Peggy and Lori at her farmhouse in Tuscany. 2000
Lori de Mori, food writer and one of my best friends, gave me this recipe a few years back. It was given to her by Contessa Lisa Contini Bonacossi of Tenuta di Capezzana one of the finest wine and olive oil producers in Tuscany. Whenever we gather for big lunches or dinners, Lori most often says, ‘Via, I’ll make Capezzana cake and we’ll all be happy’. Big tea drinkers, we are even happier when there is some left over for tea as well.
A great-grandmother, with seven children of her own, Lisa Contini knows a few things about cooking and no less about sweets. Her husband, Conte Ugo, is one of the best producers of Vin Santo, the quintessential Tuscan desert wine. The Tuscan’s aren’t big on pastries, preferring dolce secche ‘dry sweets’, like cookies or a simple cake.
Tuscan’s are no strangers to doing things their own way, refusing to use salt in their bread to avoid being taxed. Here, they avoid using butter, in favor of using what they have; orci, large terracotta containers full of some of the most flavorful olive oil in the world. Records show that olive trees were first planted in Capezzana over 1200 years ago.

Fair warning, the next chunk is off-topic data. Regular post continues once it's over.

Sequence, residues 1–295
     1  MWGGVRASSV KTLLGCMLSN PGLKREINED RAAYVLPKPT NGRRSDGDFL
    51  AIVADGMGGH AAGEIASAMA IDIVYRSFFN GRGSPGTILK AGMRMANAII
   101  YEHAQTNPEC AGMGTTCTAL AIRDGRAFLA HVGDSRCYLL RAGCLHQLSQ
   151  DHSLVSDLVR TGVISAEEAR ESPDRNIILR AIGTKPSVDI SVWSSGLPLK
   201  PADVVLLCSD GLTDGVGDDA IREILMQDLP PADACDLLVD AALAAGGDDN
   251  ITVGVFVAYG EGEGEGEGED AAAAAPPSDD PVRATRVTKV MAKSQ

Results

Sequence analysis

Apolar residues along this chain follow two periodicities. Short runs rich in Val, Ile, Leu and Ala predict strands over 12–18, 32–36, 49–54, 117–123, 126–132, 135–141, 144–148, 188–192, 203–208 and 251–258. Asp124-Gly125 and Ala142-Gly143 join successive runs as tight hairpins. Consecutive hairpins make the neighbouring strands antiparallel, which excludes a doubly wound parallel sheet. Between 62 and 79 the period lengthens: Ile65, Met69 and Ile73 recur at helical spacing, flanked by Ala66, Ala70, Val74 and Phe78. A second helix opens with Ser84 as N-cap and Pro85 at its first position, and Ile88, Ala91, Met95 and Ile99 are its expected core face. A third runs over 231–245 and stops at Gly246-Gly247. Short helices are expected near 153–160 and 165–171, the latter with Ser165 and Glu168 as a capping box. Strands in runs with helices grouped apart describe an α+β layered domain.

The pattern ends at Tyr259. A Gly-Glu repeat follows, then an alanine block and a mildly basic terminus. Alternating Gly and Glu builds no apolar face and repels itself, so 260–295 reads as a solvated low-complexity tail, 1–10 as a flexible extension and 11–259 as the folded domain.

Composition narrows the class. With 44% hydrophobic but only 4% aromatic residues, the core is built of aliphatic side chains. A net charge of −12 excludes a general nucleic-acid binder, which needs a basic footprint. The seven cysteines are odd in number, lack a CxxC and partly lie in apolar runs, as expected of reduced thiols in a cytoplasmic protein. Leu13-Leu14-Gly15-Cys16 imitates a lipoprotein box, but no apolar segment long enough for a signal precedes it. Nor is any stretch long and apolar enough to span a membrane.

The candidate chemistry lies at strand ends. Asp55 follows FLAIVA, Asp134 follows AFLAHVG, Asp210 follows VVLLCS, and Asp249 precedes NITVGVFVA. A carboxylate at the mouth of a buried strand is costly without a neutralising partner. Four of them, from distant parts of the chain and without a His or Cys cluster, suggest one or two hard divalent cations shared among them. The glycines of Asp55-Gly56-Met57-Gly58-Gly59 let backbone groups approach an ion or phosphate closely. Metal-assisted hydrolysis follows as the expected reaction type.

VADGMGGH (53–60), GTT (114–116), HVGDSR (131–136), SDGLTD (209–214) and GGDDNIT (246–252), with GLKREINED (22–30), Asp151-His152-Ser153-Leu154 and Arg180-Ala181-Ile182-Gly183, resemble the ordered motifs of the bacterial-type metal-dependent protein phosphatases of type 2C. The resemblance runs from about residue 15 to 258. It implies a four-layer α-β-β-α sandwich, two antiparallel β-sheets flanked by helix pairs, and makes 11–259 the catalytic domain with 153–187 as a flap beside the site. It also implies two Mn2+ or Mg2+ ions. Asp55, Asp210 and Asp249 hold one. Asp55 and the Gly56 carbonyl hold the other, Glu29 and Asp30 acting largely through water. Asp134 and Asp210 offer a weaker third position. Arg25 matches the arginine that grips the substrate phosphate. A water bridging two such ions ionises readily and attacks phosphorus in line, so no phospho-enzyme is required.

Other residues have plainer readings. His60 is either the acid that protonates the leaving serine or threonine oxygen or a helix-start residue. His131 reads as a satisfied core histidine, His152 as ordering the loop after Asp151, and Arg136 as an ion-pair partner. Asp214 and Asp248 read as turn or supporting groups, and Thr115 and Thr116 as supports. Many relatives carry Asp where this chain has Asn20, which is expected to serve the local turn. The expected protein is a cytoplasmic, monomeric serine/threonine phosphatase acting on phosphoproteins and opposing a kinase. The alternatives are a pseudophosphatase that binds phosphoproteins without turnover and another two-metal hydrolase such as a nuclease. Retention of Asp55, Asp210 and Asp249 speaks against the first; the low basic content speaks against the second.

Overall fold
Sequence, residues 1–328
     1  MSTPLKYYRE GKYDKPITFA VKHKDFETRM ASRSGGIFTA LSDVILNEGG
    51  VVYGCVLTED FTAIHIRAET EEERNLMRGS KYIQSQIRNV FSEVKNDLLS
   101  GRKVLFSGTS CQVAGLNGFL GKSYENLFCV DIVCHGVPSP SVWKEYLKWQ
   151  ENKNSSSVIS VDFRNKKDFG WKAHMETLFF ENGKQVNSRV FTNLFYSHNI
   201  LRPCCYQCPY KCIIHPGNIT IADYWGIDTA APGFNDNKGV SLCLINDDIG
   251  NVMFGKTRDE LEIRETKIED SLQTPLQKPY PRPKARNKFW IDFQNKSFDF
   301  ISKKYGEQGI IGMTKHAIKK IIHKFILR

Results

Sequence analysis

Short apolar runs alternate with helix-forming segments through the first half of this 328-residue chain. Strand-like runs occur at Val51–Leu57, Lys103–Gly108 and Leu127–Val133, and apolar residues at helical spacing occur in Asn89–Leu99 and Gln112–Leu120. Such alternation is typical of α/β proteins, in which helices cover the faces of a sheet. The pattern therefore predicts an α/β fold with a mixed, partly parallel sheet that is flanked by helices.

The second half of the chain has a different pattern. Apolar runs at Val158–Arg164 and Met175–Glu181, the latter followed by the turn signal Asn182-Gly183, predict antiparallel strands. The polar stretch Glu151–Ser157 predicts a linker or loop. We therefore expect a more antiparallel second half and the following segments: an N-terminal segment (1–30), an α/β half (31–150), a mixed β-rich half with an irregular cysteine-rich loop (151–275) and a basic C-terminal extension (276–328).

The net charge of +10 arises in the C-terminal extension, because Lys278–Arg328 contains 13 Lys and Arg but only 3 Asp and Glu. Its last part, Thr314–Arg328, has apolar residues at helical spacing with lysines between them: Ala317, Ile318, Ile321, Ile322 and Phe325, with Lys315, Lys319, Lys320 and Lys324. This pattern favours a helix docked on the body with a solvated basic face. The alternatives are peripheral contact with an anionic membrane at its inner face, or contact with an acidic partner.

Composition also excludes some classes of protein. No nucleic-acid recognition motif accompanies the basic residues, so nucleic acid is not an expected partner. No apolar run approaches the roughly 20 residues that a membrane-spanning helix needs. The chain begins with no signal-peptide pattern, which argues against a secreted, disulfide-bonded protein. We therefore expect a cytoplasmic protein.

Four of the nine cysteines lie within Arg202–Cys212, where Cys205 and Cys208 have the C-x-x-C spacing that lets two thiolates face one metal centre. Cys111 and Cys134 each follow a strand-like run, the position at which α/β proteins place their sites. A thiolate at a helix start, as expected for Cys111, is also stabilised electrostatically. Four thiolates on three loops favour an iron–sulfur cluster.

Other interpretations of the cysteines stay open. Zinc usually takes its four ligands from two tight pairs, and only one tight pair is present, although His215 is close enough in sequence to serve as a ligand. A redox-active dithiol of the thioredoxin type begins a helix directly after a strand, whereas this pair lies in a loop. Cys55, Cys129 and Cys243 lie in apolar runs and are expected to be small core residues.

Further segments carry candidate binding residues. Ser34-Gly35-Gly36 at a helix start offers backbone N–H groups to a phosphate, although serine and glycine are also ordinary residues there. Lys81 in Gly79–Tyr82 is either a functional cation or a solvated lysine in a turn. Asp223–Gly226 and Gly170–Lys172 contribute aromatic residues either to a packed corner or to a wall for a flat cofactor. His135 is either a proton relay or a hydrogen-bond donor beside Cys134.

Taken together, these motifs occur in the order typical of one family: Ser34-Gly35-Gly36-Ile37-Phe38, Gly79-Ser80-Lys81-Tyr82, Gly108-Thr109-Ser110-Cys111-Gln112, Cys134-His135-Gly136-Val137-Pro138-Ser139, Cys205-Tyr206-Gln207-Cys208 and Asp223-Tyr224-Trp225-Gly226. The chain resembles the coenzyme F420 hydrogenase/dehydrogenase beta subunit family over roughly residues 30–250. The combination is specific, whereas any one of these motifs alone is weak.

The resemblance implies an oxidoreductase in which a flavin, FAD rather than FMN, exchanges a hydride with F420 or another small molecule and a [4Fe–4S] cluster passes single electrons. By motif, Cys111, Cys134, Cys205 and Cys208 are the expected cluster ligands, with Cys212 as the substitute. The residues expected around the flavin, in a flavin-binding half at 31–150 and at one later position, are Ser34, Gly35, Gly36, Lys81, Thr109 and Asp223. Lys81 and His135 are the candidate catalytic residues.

This cake is moist and delicious. I varied the recipe to include almonds, as I adore nut cakes. I have also been known to substitute a cup of honey for the sugar. It deepens the flavor and harmonizes with a glass of Vin Santo, like ‘a kiss on the lips.’
Capezzana Olive Oil Cake
Grated zest of 3 oranges, juice of one
1 ½ cups granulated sugar (or 1 cup of honey)
2 cups flour
1 tsp salt
½ tsp baking soda
½ tsp baking powder
1 ½ cups extra-virgin olive oil (the better the olive oil, the better the cake)
1 ½ cups whole milk (or milk alternative)
3 large egg
1 cup of crushed almonds (optional alla P.M.)
Pour the batter into the prepared cake pan. It should be no more than three-quarters full. Place in the middle of the rack.
p.p.s. Lori’s book, Beaneaters and Bread Soup, photographed by her husband, London photographer Jason Lowe, is one of the most endearing books on Tuscan food artisans. Lisa Contini Bonacossi’s cake recipe is in there, with a charming photo, only Jason could capture.